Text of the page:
On the 25th of September, the northern autonomous region of Iraq known as Kurdistan voted to become an independent country. This vote has led to a current standoff between the central Iraqi government and the Kurdish Regional Government (KRG), with the Kurds threatening to cut off internet service into Iraq in retaliation for any punitive measures inflicted by Baghdad on the KRG. The following analysis was written by Doug Madory of Oracle Dyn after ISIS took control of Mosul, Iraq in 2014. It describes how the internet of Iraq came to be dependent on international connections through telecoms based in Kurdistan. more»

Cuba's (Hopefully Limited) ADSL Expansion

In 2015, ETECSA announced/leaked a plan to make ADSL service available in 50% of Cuban homes by 2020. I was skeptical. Doing so would mean investing a lot of money for obsolete technology between 2015 and 2020. They have recently announced the availability of ADSL connectivity at homes in portions of seven cities and, by December, they say some home connectivity will be available in every province. more»

Internet Week Guyana Advances Caribbean Tech Development Agenda

Around the world, the growing sophistication of cyber criminals is challenging the capacity of governments, businesses and individuals to defend themselves. In the Caribbean, governments are forging strategic partnerships with regional actors like the Caribbean Telecommunications Union (CTU) and the Caribbean Network Operators Group (CaribNOG), the region's largest volunteer-based community of network engineers, computer security experts and tech aficionados. more»

Two More Crypto Holes

If you work in computer security, your Twitter feed and/or Inbox has just exploded with stories about not just one but two new holes in cryptographic protcols. One affects WiFi; the other affects RSA key pair generation by certain chips. How serious are these? I'm not going to go through the technical details. For KRACK, Matthew Green did an excellent blog post; for the other, full details are not yet available. There are also good articles on each of them. What's more interesting are the implications. more»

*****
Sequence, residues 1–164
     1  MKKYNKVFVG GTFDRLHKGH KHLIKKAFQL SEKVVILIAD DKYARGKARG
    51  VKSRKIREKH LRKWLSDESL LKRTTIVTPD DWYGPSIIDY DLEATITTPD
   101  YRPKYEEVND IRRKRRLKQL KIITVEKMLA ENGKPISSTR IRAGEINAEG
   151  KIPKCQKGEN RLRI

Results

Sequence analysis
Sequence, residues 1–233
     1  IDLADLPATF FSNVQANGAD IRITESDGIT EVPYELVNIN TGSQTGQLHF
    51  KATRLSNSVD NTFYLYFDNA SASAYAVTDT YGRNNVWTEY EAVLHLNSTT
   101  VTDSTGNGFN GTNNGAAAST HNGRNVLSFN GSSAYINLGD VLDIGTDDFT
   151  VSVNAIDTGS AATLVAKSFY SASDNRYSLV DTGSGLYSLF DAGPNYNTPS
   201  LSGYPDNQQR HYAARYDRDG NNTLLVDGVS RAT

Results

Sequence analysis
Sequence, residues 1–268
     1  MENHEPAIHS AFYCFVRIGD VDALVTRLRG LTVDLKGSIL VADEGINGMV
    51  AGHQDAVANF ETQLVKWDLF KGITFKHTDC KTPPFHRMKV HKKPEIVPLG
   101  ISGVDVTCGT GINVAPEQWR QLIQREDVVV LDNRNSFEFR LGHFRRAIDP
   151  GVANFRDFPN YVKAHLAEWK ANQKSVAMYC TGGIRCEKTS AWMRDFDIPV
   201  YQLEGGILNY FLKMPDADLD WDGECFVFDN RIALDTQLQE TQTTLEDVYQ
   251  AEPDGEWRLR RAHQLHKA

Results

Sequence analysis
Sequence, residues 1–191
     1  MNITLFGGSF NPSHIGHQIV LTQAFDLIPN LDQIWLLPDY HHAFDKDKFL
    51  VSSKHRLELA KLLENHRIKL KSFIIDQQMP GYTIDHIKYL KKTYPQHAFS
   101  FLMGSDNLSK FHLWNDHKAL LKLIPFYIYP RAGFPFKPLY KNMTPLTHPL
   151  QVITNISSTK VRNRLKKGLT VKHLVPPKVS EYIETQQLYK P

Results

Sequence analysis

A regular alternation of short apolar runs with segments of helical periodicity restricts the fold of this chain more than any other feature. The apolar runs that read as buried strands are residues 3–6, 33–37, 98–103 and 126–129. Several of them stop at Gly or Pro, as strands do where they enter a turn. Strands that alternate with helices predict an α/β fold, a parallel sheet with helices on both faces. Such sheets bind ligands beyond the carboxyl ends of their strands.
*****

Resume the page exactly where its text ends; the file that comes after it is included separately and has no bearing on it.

ARIN Board Challenged to Diversify

Before the American Registry for Internet Numbers' 40th Public Policy Meeting closed last week, members were reminded that the elections for two seats on its Board of Trustees was an opportunity for needed change. The opening of polls last Thursday marked the end of an era. The clue was the candidates. For the first time in ARIN’s history, at least one seat on its board would not be filled by an elected white male. more»

The Role of the BFR in SpaceX's Satellite Internet Service

SpaceX started with their Falcon 1 booster followed by several versions of the Falcon 9. The Falcon Heavy will fly later this year, and the rocket that will take the first person to Mars is called, for now, the Big F*ing Rocket or BFR. The 150-ton BFR payload will be ten times that of the Falcon 9. It will have an extra landing-guidance engine for reliable reusability and SpaceX also expects to be able to soft-land and reuse the second-stage payload rocket as well as its protective nose cone, substantially reducing cost per launch. more»

The Darkening Web: Is there Light at the end of the Tunnel?

In his book "The Darkening Web: The War for Cyberspace" (Penguin Books, New York 2017), Alexander Klimburg, an Austrian-American academic, gives "Internet Dreamers" a "Wake Up Call". He tells us the background-story why people start to be "anxious about the future of the Internet", as the recent ISOC Global Internet Report "Paths to Our Digital Future" has recognized. Klimburg refers to Alphabets CEO Erich Schmidt, who once said that "the Internet is the first thing that humanity has built that humanity does not understand". more»